The group has moved all across the country for its writing and rehearsing. Do the four of you ever grow weary of this, or does the change of scenery act more as an inspiration?

Cale: I don't personally grow weary. I love traveling. It's just the way we work. It's not like we move for a year of our life or anything. All the relocating and permenant moves, so to speak, have more to do with our personal lives, not the band. Also, once you tour a bit, you understand that traveling 8 hours to practice a few days before a tour starts or going into the studio in another city for a couple of weeks, really isn't that much of a hassle.

In an earlier interview, one of you had mentioned the Mellotron you used on your later albums was homemade. What can you tell me about this instrument?

Cale: This is a controversial issue. It was not an actual mellotron, but rather the sound of a mellotron that was homemade. TJ sampled a violinist playing for him live, in order to simulate his own unique mellotron sound via midi controllers. TJ is always crafty.

I especially like how most of the lyrics to your songs are subtle and vague so as to be interpreted however the listener feels, instead of something bashing or praising one specific thing. What typically goes into writing a song for you?

Cale: Thank you. The lyrics are always the last thing to come in my writing. I always write the music first. Lyrically, I just try to speak vaguely, like you said, about my feelings, and fit it into the melody I hear, sometimes making it rhyme. It does the job for me as far as getting out what I need to with my art and emotions. If it's vague and open to the personal interpretation of the listener, than thats even better, because they can experience it however they want to, like you said.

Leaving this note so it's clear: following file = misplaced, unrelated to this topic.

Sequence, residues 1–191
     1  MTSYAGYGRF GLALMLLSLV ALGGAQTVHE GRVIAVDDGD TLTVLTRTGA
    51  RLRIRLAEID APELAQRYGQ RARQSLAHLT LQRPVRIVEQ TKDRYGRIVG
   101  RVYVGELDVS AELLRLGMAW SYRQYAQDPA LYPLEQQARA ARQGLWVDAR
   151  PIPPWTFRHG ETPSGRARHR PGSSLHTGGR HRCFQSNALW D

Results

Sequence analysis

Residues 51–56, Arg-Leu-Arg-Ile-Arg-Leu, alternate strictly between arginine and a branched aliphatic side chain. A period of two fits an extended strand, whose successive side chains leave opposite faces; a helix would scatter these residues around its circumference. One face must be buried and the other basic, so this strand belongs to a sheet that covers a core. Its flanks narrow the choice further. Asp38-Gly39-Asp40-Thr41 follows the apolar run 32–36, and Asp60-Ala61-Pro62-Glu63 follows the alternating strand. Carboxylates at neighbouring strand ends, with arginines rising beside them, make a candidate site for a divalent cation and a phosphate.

How has your songwriting process changed over the years, if at all?

Cale: Well, originally with Aloha, we would write together in band practice. Since Here Comes Everyone, we've written long distance via personal demos. This method has remained until now. In my solo music, the songwriting can be very different from song to song. Sometimes it starts with a beat I make at my apartment. Other times with a vocal melody I hear or a chord progression I've been messing around with.

All of your album covers have been quite unique. Is there any hidden or significant meaning behind them (for example, I keep seeing a recurring wolf), or are they just eye-candy?

Cale: The wolf-dog was only on Here Comes Everyone and Some Echoes. We always go to friends who are artists for the covers, then work with them on the design and layout. We usually give them an advance copy to listen to for ideas while they create.

Are the four of you trying to make a living making music or is money not an issue?

Cale: None of us are trustfunders, so we all do what we have to for money. Speaking for myself, I'm not good at anything else, so yes, I make a living off of music here in New York. Times get tough and things change from time to time. Aloha does not make a lot of money, but like they say, it's not about the money.

Is the band trying to achieve some kind of goal? Like, artistically or commercially?

Cale: I guess like all artists we want to make the best possible music that we can. There are no commercial goals.

Have you planned out the future much, or are you just kind of going with the flow? If you have, what plans do you have?

Cale: I plan to make music and go with the flow always. If you get a big job and have a baby, that is all part of going with the flow, not to get too zen, but it's all relative to living. Aloha will never break up. If we take a break from recording or touring, it doesn't mean you have to quit being a band. Too many groups make this mistake. We all have a great personal relationships with one another. We will always make music together in some form, for whoever still listens. I will always make solo music in some form as well.